Someone is missing this Memorial Day weekend.
Some soldier, such as Frank S. Hernandez, one of two Fresno residents still missing from the Vietnam War. (Gerald Lee Ramsden is the other.) Hernandez was a door gunner aboard an Army helicopter that collided with another in May 1970.
Some airman, like Elwood John Thompson of Atwater, last seen aboard a Korean War B-29 bomber. Some sailor, like Pascual S. Acompanado, a Californian irretrievably sunk into the Coral Sea in 1942.
Someone is missing? Many are missing, and are missed.
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From World War II, 5,649 Californians remain unaccounted for. The Korean War left more than 600 California service members unaccounted for, including about 100 with hometowns in the Central Valley, stretching from Redding to Bakersfield.
The remains of 166 Californians, including at least 20 from the Central Valley, are still missing from the Vietnam War.
“They are still actively searching for my husband, and others,” said Fair Oaks resident Martha Henninger, whose husband, Hanford native and Air Force Capt. Howard Henninger, disappeared in 1966.
Notwithstanding common parlance, the phrase “missing in action” no longer applies to these California servicemen, among some 83,000 U.S. personnel from World War II, Korea, Vietnam and the sundry wars since tracked by the Defense POW/MIA Accounting Agency.
“Officially there is no one in a MIA status from past conflicts, as there has been a presumptive finding of death for those who were in an MIA status,” noted Air Force Maj. Natasha Waggoner, a spokesperson for the Defense POW/MIA Accounting Agency.
Established last year, consolidating previous efforts, the Pentagon agency will employ more than 600 staffers and spend about $136 million this year unearthing remains and identifying them. Periodically, the searchers succeed.
They are still actively searching for my husband, and others.
Martha Henninger, whose husband, Hanford native and Air Force Capt. Howard Henninger, disappeared in 1966
Last year, for instance, the remains of Stockton High School graduate Richard L. Whitesides were buried, more than half a century after his Air Force O-1F “Bird Dog” observation plane crashed in Quang Tri province, South Vietnam.
“I’m still astounded that they devoted the amount of time and resources that they did to that excavation,” said John A. Whitesides, a Sacramento attorney who’s the son of the downed pilot.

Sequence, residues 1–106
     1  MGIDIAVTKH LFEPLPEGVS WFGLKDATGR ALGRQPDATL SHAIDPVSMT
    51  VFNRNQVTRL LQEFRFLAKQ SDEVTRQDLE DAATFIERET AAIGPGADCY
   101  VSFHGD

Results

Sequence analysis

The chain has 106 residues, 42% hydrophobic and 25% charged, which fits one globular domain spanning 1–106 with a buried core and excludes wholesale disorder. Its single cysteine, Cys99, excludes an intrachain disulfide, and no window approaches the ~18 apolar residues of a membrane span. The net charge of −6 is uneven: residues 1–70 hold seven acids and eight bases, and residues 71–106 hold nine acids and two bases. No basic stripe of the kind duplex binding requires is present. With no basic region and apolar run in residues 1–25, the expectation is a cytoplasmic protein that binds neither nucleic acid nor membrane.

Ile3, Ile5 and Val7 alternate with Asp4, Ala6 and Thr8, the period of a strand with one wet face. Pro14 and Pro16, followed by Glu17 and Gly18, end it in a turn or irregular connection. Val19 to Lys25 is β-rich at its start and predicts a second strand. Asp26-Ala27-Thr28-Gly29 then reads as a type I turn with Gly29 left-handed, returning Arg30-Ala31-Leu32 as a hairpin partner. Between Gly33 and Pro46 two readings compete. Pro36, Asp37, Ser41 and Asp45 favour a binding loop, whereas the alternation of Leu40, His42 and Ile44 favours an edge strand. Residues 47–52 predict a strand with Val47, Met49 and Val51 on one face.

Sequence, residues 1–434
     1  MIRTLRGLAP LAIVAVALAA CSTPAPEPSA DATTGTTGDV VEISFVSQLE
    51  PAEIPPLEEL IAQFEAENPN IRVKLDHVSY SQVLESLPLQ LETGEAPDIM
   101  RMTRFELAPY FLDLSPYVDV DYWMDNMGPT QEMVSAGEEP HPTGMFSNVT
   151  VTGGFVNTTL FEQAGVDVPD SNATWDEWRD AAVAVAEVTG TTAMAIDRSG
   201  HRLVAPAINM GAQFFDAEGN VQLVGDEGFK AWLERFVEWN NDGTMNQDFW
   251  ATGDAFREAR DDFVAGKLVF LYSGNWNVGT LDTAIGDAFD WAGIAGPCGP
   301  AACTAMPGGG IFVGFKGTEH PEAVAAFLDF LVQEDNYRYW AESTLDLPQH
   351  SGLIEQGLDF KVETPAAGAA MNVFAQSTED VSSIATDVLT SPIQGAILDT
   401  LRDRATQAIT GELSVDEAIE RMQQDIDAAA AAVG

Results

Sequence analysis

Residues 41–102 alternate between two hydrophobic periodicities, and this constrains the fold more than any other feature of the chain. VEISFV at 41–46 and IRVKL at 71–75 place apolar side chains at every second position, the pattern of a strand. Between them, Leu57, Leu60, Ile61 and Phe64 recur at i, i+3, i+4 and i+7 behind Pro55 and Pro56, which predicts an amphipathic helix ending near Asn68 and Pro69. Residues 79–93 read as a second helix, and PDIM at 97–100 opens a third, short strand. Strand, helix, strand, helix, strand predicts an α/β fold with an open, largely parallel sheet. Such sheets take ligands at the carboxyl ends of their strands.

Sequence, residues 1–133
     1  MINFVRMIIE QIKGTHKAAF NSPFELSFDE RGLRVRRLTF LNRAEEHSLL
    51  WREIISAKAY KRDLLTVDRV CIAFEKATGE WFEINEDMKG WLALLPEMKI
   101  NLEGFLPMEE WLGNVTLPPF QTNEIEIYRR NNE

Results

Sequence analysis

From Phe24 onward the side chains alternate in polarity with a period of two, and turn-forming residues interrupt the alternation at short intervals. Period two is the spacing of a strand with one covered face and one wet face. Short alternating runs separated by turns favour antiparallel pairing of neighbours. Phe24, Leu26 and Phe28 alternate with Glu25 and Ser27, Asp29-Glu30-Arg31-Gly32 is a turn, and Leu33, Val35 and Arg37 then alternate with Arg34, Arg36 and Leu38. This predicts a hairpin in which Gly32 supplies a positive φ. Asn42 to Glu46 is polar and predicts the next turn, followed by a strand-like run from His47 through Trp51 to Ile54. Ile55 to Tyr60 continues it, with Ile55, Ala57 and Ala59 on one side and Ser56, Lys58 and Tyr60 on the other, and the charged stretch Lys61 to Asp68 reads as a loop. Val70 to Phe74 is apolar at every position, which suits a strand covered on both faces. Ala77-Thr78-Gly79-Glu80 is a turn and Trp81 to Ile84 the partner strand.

His father’s long-delayed burial service at West Point, Whitesides said, combined joy, sorrow and, especially for his since-remarried mother, relief at receiving a final accounting.
“At the reception, you could tell how much of a burden had been lifted,” Whitesides said.
Many others remain in the dark, and lawmakers and family advocates have pushed for speedier work. From 2002 to 2012, the Government Accountability Office noted, the Defense Department accounted for an average of 72 missing U.S. service members annually. Unhappy with the pace, Congress in 2009 ordered that the Pentagon boost its capacity to account for at least 200 annually by 2015.
“They continue to improve, and we have their commitment,” Ann Mills-Griffith, the raised-in-Bakersfield chair of the board of the National League of POW/MIA Families, said in an interview.
The ranks of the unfound are diverse.
Some were officers, family men nearing middle age. Modesto resident Stanley Scott Clark was a 40-year-old Air Force lieutenant colonel when he was shot down over southern Laos on the night of Feb. 14, 1969. The F-4 Phantom pilot was not seen to eject; some wreckage was found, but his remains were not.
Clark’s back-seat co-pilot, meanwhile, parachuted to safety, completed 30 years of Air Force service and passed away in 2006 at the age of 63.
Many, of course, were far younger when last seen.
Merced resident William Henry Reedy Jr. was a 20-year-old Navy petty officer third class when his twin-engine airplane slid off the deck of the USS Kitty Hawk during takeoff in January 1969. Stockton resident Steven Trivelpiece was a 19-year-old Army corporal killed in an April 1968 combat operation so war-fogged that his body was never recovered.
Some of the missing were fighting men, through and through.
Jerry M. Shriver of Sacramento, a special operator who disappeared in Cambodia 47 years ago, was a Green Beret whose exploits were later written about in books such as John L. Plaster’s “SOG: The Secret Wars of America’s Commandos in Vietnam.” Shriver’s fierce reputation, earned during three combat tours, was such that some of his peers thought for a while that the 27-year-old sergeant first class might have survived.
Others were less overtly martial.
Acompanado was a Navy steward, tending to officers aboard the USS Hornet, when he sank into the Coral Sea. The Californian is one of about 41,000 missing U.S. service members presumed lost at sea, accounting for about half of all the missing.
And for yet others, the mystery goes deep.
On the moonlit night of March 13, 1966, Henninger, the 32-year-old Air Force captain, took off in his AC-47 gunship. He was reached by radio shortly after leaving Da Nang, bound for rough mountains. Then came silence, which has lasted the many years since.